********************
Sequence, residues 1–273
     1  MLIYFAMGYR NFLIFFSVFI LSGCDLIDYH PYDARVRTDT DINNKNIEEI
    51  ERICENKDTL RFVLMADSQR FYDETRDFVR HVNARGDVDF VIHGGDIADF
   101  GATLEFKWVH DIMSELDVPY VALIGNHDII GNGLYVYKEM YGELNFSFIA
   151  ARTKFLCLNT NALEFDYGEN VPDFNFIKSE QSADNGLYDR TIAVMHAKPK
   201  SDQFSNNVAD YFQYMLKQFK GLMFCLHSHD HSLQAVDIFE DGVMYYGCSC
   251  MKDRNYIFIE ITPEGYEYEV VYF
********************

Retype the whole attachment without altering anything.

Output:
Sequence, residues 1–273
     1  MLIYFAMGYR NFLIFFSVFI LSGCDLIDYH PYDARVRTDT DINNKNIEEI
    51  ERICENKDTL RFVLMADSQR FYDETRDFVR HVNARGDVDF VIHGGDIADF
   101  GATLEFKWVH DIMSELDVPY VALIGNHDII GNGLYVYKEM YGELNFSFIA
   151  ARTKFLCLNT NALEFDYGEN VPDFNFIKSE QSADNGLYDR TIAVMHAKPK
   201  SDQFSNNVAD YFQYMLKQFK GLMFCLHSHD HSLQAVDIFE DGVMYYGCSC
   251  MKDRNYIFIE ITPEGYEYEV VYF